What my friend and unschooling parent Hema shared with me the other day got me thinking for a few days! "There is something much more important than the skill or the technique that you learn. It is your relationship with learning itself." She was talking about her children's relationship with playing the piano. They used to play it a lot, and had suddenly stopped playing for a few months. Their piano teacher from the States, a wise one, told her not to worry as long as their relationship with piano-playing was intact. Though I instantaneously recognised that statement as being very profound, I had to sit with it for a few days to begin to understand its full implications.
When I look back at my own life, and most children and adults today, I see that we have such an unhealthy relationship with learning. We want to learn something in order to please authority figures, to get others approval, to prove to others that we are capable and worth their attention, to become famous, wealthy or powerful. I rarely see children do something for the sheer joy of doing it.
Learning could be seen as happening in three steps. First, we are curious to learn about the nature of things (eg. what is this? how does this work? what sound does this make? what is sadness? what is god?, etc.) Then, we want to use this information to have our own insights into things, connecting to our inner truths within. Then, we want to learn specific skills and techniques to express something that surges forth from within. (eg. speaking, writing, painting, cooking, dancing, etc.) In an undisturbed person, all these three steps are happening all her lifetime. Like Gandhi said 'She will learn like she will live forever!' Learning, to such a person, is always something that empowers her to connect with what her inner being is needing the most and to express what her inner being most intensely feels at any given point in time. Like joy, sorrow, sensitivity, fear, celebration, generosity, repulsion, etc. And when she grows up feeling free to connect with her innermost emotions and insights without fear, she also begins to see them more acceptingly in the others, without judgment. And when she does that, she connects with the divine and lets it find expression through her. And this, according to me, is the purpose of life on earth.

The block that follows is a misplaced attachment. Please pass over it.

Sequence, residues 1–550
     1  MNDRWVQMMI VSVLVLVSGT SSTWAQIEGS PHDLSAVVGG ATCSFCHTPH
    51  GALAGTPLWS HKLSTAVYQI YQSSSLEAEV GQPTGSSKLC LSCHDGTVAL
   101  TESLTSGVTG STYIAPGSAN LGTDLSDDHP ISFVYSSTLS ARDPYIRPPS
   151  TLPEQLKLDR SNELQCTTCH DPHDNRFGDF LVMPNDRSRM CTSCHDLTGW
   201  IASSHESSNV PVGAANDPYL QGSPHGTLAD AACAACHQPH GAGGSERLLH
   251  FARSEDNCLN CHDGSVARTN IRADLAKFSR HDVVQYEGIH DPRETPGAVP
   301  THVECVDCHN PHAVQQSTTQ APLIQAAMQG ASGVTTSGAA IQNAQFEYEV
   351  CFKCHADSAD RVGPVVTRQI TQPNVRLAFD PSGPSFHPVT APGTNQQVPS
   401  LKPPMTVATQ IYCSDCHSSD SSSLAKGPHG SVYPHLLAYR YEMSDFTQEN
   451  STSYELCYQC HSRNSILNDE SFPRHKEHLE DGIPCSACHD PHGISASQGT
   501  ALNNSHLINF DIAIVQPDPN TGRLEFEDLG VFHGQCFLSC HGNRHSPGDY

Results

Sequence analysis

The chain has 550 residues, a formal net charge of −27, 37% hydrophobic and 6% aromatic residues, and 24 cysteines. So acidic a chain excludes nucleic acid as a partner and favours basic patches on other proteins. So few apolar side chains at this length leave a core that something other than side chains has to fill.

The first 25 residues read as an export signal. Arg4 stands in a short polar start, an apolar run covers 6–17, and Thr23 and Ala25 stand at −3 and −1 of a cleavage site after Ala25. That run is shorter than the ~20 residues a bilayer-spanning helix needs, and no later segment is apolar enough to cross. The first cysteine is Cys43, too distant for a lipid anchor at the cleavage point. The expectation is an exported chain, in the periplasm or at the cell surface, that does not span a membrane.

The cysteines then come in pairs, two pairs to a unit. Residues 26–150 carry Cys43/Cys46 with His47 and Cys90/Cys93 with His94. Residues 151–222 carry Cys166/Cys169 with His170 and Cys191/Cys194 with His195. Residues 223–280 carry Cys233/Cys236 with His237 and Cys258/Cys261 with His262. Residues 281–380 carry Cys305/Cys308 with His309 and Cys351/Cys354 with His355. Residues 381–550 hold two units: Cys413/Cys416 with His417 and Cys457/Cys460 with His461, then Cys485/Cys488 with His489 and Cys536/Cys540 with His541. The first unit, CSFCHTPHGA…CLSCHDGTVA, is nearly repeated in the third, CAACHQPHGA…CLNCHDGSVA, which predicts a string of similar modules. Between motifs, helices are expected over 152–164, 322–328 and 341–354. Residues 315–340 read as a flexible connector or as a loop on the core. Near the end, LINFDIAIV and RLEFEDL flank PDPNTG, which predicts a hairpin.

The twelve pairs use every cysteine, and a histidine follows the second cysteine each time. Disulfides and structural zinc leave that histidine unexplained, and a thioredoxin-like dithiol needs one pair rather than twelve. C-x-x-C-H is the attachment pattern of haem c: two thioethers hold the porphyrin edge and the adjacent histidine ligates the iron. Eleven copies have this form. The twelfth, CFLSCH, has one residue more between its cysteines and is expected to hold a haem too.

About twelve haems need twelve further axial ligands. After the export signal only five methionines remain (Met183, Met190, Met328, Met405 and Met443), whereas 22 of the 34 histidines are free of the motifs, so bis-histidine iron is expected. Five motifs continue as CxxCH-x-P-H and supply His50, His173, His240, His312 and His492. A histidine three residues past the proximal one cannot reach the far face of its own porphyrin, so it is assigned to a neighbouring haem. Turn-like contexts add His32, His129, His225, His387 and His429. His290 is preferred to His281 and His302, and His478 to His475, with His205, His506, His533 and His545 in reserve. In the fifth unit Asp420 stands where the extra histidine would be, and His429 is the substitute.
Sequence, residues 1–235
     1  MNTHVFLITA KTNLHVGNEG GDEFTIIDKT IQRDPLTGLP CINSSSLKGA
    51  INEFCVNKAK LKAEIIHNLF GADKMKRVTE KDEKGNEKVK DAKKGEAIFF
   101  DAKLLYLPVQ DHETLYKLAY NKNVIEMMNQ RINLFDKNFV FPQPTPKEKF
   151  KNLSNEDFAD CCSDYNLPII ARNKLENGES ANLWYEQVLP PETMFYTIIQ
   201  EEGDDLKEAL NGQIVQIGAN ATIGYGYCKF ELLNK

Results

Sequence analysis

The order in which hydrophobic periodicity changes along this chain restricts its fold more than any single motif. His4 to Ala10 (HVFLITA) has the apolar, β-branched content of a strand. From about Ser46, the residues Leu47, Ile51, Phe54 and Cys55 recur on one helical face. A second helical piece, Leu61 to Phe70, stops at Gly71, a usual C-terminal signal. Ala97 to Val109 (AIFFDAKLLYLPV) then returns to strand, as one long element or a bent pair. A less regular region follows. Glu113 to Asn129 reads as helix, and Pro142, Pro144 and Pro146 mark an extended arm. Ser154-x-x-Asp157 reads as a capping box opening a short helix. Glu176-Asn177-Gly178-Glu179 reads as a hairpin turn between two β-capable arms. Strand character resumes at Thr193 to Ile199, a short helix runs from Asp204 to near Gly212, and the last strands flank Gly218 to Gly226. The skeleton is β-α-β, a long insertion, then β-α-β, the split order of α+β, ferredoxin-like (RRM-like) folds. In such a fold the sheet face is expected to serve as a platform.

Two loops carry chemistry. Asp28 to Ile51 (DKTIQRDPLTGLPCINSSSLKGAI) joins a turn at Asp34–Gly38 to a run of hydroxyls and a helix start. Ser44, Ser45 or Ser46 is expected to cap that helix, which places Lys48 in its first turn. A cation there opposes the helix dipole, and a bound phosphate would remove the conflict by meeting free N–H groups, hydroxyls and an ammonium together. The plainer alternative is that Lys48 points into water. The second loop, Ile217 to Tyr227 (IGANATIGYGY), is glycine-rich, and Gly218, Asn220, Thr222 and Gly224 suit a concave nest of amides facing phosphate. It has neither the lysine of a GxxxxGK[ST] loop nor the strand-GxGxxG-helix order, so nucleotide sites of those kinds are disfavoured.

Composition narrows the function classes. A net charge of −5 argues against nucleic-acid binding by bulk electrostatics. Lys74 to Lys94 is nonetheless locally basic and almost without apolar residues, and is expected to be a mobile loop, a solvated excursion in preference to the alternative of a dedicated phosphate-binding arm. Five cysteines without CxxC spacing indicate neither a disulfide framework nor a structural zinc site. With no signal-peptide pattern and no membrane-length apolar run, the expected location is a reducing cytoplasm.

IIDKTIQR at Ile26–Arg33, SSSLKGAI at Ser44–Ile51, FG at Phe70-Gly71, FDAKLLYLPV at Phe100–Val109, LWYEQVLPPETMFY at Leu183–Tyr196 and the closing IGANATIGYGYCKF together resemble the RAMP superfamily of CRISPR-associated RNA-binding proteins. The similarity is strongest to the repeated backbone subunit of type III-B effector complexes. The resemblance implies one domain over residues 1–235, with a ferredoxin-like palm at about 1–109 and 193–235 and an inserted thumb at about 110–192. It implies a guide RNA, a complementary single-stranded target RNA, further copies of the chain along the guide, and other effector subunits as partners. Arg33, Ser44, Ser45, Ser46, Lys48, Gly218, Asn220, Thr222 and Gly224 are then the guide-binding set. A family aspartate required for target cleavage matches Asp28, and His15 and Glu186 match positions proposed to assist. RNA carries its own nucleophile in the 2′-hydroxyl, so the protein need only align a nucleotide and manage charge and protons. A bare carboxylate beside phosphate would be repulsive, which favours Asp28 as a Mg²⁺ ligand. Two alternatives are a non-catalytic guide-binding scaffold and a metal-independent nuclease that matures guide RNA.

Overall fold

In a 3-year old like Isha, the primary preoccupation is with 'making sense of the world around her, and giving everything a name'. Isha has learnt names of most things, people and actions that she commonly sees around her - cooking, grandma, phone, etc. She is now going through a phase where she wants to learn finer distinctions, aiming at precision. 'Amma, face-na enna? head-na enna?' or 'Amma, middle-na enna? centre-na enna?' or 'Amma, 'baby-na enna? infant-na enna? toddler-na enna? girl-na enna? adult-na enna?' The second one, I actually had to think through hard before answering. And I told Isha that my answer was only tentative and that I needed to look it up myself. She checked again the next day to see if I had found out.
A few days ago, Isha took her notebook (an old diary) and a pencil. She opened a brand new page and read out aloud "I-S-H-A Isha". I watched her from the other room without her noticing me. Though she started writing a few letters a few months ago, this was the first time ever that she was writing her name (or any word) without help or prompting. After she was done, she looked at it for sometime, closed her notebook, put it back in her shelf and came to me saying 'Amma, come let us sleep.' I was pleasantly surprised that she didn't even care to show it to me. After she slept, I pulled her notebook and saw what she had written. The letters were all jumbled and reversed!
I am guessing that the very act of discovering for herself, how to write her name, must have given her immense and deep fulfillment that she didn't need the petty happiness from 'praise and approval' by me. It had something to say to me about her growing relationship with learning.